Gradually, I got myself up and unzipped the tent's semi-ripped hatch as the world bared witness to my unmatched, worn military fatigues some militia personnel had handed out as "pajamas." Even though it seemed unfit to wear such an outfit to bed, it did come useful in colder temperatures, so no complaints came. Jonesy, his dark-brown-frizzled hair and crusted eyes shone by the sun, stood alongside his rigid Auntie Janice--the woman who'd shouted.

"Marcy! Marcy!" Jonesy cheered as he ran over and gave me a few fake punches to the right arm. His pearly white smile and happy-go-lucky attitude often swooped me away from the madhouse just beyond the beach's borders. We were practically siblings. "Did you eat breakfast yet?"

Before I could respond to Jonesy, Janice sternly instructed us to head over to the canteen and save a spot for her; we didn't. At a large picnic table with others, a Cardinal militia fella handed us plates filled with our never-tiring breakfast favorites. We chomped down on sausage, broke egg yolks with freshly-washed forks, and clinked near-burnt toast in rejoice. A jazz band -- they'd been originally displaced from Toronto -- played popular tunes from Oscar Peterson to Charlie Biddle. You could've called us a "commune", or a camp filled with "hippies," but at least we knew how enjoy ourselves. Without warning, the morning had quickly turned sour. A few militia personnel stood atop a picnic table, their boots' bottoms by people's plates, and turned on a loudspeaker.

"People of Kits!" one shouted as they took out a long piece of paper. "The Brits and French have taken over Quebec, Manitoba, and Ontario! However, many lives have been lost..." They started announcing the names of innocents, who'd been killed by the enemy or by friendly fire.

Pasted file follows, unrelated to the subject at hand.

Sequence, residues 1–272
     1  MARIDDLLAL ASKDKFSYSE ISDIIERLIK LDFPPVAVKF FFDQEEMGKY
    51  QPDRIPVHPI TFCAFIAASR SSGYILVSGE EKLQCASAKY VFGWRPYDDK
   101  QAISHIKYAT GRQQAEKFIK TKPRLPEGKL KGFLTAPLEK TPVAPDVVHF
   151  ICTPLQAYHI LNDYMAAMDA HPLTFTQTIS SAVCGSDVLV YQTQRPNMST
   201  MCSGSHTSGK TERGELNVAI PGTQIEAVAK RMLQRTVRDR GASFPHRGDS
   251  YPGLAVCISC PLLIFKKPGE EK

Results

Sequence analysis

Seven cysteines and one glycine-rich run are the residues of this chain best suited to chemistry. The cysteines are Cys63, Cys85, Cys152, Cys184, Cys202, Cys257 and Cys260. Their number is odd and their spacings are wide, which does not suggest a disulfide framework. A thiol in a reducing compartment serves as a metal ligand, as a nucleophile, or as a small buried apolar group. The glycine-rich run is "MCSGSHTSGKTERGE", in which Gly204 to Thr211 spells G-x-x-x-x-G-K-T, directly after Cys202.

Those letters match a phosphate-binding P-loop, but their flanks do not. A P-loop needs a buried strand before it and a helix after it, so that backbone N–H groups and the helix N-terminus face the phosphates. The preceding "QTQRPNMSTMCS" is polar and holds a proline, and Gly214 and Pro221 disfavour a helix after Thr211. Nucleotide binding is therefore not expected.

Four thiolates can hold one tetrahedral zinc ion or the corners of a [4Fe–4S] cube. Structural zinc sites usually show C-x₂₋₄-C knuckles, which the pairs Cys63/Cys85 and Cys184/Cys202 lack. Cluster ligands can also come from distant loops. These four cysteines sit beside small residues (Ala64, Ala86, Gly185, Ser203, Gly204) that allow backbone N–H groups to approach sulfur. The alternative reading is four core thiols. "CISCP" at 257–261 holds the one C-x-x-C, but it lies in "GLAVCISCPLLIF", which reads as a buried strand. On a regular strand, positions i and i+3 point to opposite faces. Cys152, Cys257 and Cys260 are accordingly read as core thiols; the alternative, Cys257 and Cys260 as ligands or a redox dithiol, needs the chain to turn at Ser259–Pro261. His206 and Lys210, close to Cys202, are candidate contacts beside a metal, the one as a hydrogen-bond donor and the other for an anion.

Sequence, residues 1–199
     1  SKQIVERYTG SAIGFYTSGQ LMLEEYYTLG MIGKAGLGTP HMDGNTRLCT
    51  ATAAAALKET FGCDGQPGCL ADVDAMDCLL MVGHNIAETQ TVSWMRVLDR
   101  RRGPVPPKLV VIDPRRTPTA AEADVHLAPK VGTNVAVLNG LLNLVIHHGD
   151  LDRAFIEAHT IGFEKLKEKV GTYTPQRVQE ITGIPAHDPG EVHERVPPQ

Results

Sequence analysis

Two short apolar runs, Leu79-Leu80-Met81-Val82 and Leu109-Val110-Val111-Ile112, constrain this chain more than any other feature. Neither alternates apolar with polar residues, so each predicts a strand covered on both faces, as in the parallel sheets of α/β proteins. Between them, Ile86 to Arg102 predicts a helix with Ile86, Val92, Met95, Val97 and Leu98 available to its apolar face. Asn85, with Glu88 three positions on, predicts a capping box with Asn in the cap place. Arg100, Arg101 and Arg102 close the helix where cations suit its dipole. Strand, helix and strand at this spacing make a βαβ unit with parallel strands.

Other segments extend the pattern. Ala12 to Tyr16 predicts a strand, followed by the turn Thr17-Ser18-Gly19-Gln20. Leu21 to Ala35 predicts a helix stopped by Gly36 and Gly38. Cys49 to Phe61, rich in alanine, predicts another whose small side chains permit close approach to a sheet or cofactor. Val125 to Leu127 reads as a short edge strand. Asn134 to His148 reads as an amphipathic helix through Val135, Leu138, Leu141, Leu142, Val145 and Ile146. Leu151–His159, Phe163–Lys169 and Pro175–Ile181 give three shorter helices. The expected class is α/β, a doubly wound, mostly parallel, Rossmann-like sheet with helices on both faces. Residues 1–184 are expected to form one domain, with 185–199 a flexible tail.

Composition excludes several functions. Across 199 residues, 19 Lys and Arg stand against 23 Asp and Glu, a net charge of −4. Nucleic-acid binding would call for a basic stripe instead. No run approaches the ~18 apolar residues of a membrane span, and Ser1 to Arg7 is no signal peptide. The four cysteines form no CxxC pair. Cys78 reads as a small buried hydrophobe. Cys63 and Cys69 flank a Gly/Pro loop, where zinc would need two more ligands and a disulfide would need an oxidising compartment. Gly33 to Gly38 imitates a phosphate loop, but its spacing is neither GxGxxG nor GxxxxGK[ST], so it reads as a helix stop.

My parents were mercilessly butchered by the former.

At the Beach contest entry

References and Side Notes:
(1) We find out the narrator's name is "Marcy" through an eight-year-old boy named Jonesy

(2) This takes place at Kitsilano Beach (AKA "Kits" or "Kits Beach") in British Columbia, Canada

(3) The year is roughly around 2015 because the narrator mentions "A week or two after J.T became the new Canadian prime minister...." --> "J.T" is a direct reference to current Canadian prime minister Justin Trudeau, who became P.M of the country in 2015

(4) Even though the British are another component as "enemy forces," the French (minus Brits) attacks in Quebec is a small reference to the "October Crisis" (October 5th-December 28th, 1970)

(5) Due to the crisis/fallout, currency and paper bills are useless. So, most people use "caps" or bottle caps as a way of currency. This is reference to the "Fallout" video game series, where bottle caps are used as currency after nuclear fallout

(6) To be clear, even though "fallout" (the term) is often associated with nuclear war or armageddon, any kind of nuclear attack hasn't occurred in this story's plot (at least not yet!)
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© Copyright 2019. E.M Fielding All rights reserved.